Traditionally thought to be borrowed from Latin cattus, from Afroasiatic. However, this presents problems, and Huehnergard opines it is "equally likely that the forms might derive from an ancient Germanic word, imported into Latin and thence to Greek and to Syriac and Arabic". Kroonen also considers the word to be native to Germanic (due to morphological alternations) and Northern Europe, and suggests that it might ultimately be borrowed from Uralic, cf. Northern Sami gáđfi (“female stoat”) and Hungarian hölgy (“stoat; lady, bride”) from Proto-Uralic *käďwä (“female (of a fur animal)”). See cat for more.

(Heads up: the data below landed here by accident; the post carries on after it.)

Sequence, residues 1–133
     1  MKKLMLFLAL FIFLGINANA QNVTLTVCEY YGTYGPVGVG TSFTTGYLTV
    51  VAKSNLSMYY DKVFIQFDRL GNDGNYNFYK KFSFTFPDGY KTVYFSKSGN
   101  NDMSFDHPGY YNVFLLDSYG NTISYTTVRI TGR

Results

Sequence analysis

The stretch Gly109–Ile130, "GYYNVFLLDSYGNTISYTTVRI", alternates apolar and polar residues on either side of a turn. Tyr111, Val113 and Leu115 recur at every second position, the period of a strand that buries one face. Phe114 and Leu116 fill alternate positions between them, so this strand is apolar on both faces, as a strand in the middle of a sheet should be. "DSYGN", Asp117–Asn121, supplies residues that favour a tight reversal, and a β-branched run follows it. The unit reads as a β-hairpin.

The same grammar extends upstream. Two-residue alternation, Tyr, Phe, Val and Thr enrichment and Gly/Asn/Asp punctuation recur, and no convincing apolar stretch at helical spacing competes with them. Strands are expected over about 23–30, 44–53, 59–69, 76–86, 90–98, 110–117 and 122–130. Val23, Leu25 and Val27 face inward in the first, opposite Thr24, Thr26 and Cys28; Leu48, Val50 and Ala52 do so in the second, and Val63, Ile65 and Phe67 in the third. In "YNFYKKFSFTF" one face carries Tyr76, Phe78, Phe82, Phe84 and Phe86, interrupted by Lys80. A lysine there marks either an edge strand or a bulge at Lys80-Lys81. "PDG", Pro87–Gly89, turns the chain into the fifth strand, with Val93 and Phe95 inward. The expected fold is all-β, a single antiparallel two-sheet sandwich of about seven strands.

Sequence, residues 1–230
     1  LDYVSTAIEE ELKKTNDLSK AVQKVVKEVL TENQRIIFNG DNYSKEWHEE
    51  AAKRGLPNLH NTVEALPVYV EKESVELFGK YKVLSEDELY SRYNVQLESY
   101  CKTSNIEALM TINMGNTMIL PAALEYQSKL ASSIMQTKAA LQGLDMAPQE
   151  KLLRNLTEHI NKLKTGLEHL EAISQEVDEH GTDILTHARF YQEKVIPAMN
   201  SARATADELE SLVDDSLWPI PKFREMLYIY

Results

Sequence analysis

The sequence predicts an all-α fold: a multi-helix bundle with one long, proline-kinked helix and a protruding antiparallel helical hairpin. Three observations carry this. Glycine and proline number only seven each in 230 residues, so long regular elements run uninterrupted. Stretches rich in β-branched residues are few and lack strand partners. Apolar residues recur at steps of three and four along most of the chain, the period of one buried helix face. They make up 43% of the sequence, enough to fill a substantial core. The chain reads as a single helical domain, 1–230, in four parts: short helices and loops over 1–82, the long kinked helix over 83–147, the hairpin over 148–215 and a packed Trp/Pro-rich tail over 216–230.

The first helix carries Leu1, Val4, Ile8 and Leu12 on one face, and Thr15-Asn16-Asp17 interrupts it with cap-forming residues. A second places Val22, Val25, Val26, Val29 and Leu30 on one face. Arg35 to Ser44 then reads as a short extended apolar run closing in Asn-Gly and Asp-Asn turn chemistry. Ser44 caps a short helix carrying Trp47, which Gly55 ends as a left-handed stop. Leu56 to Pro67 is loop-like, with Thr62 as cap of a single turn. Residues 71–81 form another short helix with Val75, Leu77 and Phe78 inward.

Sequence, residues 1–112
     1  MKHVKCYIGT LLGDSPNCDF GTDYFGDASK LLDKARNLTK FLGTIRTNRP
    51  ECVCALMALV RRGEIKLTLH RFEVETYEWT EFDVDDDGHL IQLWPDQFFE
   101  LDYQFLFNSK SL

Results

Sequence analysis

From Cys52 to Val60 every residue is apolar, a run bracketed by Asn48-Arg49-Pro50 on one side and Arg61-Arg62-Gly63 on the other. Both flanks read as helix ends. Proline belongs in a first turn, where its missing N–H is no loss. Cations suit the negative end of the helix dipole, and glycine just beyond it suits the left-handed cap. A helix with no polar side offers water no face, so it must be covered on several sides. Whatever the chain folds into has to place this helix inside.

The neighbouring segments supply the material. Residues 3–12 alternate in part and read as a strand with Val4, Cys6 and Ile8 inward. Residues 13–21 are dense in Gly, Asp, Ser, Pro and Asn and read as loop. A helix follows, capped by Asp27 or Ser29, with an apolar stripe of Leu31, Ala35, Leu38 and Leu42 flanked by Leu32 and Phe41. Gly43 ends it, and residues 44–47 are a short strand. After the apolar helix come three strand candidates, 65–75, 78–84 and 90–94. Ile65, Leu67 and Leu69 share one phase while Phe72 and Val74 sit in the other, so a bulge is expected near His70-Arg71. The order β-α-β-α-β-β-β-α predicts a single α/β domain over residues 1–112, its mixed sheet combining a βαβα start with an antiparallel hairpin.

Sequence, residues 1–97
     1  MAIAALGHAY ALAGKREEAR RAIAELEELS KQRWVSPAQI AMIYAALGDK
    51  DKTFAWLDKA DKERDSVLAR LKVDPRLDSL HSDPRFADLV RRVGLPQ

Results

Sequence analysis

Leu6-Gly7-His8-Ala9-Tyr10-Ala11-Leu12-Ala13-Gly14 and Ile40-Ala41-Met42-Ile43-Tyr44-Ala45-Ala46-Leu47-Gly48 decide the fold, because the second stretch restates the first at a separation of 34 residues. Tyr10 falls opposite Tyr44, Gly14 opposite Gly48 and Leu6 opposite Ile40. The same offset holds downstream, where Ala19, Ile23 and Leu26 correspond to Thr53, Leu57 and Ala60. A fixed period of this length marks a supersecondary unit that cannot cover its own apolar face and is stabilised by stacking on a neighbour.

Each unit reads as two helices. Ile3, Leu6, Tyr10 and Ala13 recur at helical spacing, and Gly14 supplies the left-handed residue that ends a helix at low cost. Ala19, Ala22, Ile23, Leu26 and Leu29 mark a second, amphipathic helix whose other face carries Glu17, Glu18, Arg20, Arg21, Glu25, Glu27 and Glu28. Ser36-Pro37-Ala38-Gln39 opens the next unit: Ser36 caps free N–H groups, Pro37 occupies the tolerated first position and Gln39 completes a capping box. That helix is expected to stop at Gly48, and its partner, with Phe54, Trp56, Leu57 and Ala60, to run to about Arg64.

- Latin: cattus (possibly)
- Old English: catt m; catte f
- Old Frisian: katte
- Old Saxon: katto m; katta f
- Old Dutch: *katta
- Old High German: kazzo m; kazza f
- Old Norse: köttr, kǫttr; (ketta)